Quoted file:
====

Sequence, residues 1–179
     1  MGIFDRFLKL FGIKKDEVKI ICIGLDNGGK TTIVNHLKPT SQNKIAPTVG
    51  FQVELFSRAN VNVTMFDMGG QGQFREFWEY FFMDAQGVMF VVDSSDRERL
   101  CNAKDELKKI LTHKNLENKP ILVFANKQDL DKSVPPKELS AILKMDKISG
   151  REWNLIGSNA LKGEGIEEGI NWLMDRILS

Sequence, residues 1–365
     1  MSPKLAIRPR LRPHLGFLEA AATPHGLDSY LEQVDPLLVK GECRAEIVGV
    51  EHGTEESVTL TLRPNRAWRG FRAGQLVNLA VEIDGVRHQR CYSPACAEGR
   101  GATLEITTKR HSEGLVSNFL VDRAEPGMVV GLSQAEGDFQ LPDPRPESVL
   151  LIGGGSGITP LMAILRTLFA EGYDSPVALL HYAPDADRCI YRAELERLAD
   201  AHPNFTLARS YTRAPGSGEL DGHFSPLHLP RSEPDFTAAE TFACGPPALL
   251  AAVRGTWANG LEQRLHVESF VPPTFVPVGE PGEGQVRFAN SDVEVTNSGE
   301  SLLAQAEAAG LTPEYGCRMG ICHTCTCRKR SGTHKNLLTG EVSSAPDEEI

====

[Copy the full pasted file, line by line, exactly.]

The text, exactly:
Sequence, residues 1–179
     1  MGIFDRFLKL FGIKKDEVKI ICIGLDNGGK TTIVNHLKPT SQNKIAPTVG
    51  FQVELFSRAN VNVTMFDMGG QGQFREFWEY FFMDAQGVMF VVDSSDRERL
   101  CNAKDELKKI LTHKNLENKP ILVFANKQDL DKSVPPKELS AILKMDKISG
   151  REWNLIGSNA LKGEGIEEGI NWLMDRILS

Sequence, residues 1–365
     1  MSPKLAIRPR LRPHLGFLEA AATPHGLDSY LEQVDPLLVK GECRAEIVGV
    51  EHGTEESVTL TLRPNRAWRG FRAGQLVNLA VEIDGVRHQR CYSPACAEGR
   101  GATLEITTKR HSEGLVSNFL VDRAEPGMVV GLSQAEGDFQ LPDPRPESVL
   151  LIGGGSGITP LMAILRTLFA EGYDSPVALL HYAPDADRCI YRAELERLAD
   201  AHPNFTLARS YTRAPGSGEL DGHFSPLHLP RSEPDFTAAE TFACGPPALL
   251  AAVRGTWANG LEQRLHVESF VPPTFVPVGE PGEGQVRFAN SDVEVTNSGE
   301  SLLAQAEAAG LTPEYGCRMG ICHTCTCRKR SGTHKNLLTG EVSSAPDEEI